Wednesday 02nd June 2021

Dr Jorge Emilio Núñez

Twitter: @DrJorge_World
https://drjorge.world


[1] For an in-depth analysis of the relationship between territorial disputes and the military see David B. Carter, “The Strategy of Territorial Conflict,” in American Journal of Political Science 54:4 (2010), 969-987.

[2] Paul K. Huth, Standing Your Ground. Territorial Disputes and International Conflict, 85.

[3] Ibid., 114-118.

[4] Ibid., 155.

[5] Ibid., 159.

[6] M. Taylor Fravel, “Power Shifts and Escalation: Explaining China’s Use of Force in Territorial Disputes,” in International Security 32:3 (2007-2008), 44-83; Timothy R. Heath, “Dispute Control: China Recalibrates Use of Military Force to Support Security Policy’s Expanding Focus,” in The Journal of Social, Political, and Economic Studies 43:1-2 (2018), 33-77.

[7] Katherine Richards, “China–India: An Analysis of the Himalayan Territorial Dispute,” in Australian Defence College, Centre for Defence and Strategic Studies (2015), available at http://www.defence.gov.au/ADC/Publications/IndoPac/Richards%20final%20IPSD%20paper.pdf, accessed 25 May, 2019.

[8] Paul K. Huth, Standing Your Ground. Territorial Disputes and International Conflict, 88.

[9] Ibid.

[10] Ibid., 118-119.

[11] Ibid., 119.

[12] Ibid., 157.

[13] Ibid., 160.

[14] Ibid., 90-91.

[15] Benjamin Miller, “When and How Regions Become Peaceful: Potential Theoretical Pathways to Peace,” in International Studies Review 7:2 (2005): 229-267.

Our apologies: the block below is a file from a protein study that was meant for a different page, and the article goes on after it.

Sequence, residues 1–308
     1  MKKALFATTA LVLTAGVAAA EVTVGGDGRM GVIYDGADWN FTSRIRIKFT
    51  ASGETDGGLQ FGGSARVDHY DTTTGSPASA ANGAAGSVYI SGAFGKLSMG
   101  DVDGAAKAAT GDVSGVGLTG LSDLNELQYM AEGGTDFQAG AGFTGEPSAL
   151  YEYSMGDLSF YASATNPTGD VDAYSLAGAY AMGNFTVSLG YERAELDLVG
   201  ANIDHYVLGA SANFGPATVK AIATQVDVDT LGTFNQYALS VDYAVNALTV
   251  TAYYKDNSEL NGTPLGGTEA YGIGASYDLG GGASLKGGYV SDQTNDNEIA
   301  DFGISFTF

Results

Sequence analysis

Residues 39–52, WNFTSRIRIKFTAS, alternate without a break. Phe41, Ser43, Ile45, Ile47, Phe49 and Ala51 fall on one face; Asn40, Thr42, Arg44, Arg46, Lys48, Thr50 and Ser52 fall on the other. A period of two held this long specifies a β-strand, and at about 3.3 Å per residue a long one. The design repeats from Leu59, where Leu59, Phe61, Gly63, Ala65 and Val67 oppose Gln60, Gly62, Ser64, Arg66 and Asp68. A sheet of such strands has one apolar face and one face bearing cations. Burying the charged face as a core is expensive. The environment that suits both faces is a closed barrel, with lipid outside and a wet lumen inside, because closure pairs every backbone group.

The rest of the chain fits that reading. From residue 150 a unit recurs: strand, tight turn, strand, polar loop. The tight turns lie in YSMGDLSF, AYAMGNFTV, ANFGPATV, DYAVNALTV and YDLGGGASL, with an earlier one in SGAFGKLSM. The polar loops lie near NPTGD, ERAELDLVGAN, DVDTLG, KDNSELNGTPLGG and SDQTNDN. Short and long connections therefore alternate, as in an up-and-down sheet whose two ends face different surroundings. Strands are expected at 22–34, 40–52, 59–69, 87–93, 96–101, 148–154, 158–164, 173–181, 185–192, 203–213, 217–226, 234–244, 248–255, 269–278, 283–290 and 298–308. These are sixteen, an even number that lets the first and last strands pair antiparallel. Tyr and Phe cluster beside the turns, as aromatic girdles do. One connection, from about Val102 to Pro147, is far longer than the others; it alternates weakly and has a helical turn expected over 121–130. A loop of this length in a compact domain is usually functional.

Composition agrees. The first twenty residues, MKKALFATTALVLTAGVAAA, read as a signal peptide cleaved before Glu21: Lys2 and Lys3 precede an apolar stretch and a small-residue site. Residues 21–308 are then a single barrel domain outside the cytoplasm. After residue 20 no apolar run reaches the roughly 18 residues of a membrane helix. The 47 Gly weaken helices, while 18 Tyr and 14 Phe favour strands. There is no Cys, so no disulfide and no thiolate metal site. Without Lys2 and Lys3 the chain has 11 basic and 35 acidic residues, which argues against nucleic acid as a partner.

[16] Jorge Mario Battaglino, “The Coexistence of Peace and Conflict in South America: Toward a New Conceptualization of Types of Peace,” in Revista Brasileira de Política Internacional 55:2 (2012): 131-151.

[17] Helevi J. Holsti, The State, war and the State of War. Cambridge: Cambridge University Press, 1996, 157-158; Arie M. Kacowicz, Zones of Peace in the Third World: South America and West Africa in Comparative Perspective. Albany: State of New York Press, 1998, 8-11; and many others. Battaglino includes zones of “hybrid” peace: areas with a) unresolved disputes that may become militarized, b) democracies that maintain relationships with neighbour states, and c) regional legal frameworks that may help resolve a dispute in a peaceful manner. See Jorge Mario Battaglino, “The Coexistence of Peace and Conflict in South America: Toward a New Conceptualization of Types of Peace,” in Revista Brasileira de Política Internacional 55:2 (2012): 131-151, 133 and 142-145.